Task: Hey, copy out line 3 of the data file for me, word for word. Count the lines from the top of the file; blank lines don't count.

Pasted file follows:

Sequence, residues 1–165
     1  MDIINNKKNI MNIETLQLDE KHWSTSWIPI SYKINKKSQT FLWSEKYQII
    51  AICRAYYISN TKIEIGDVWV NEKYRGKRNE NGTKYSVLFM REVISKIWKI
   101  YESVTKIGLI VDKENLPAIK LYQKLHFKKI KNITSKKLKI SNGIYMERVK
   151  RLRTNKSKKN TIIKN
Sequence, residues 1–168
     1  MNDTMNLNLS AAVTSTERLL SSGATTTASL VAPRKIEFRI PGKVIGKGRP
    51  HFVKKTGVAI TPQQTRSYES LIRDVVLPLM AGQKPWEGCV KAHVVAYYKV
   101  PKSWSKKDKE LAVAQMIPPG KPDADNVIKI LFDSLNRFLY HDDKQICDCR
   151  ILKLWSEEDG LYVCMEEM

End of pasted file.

    51  AICRAYYISN TKIEIGDVWV NEKYRGKRNE NGTKYSVLFM REVISKIWKI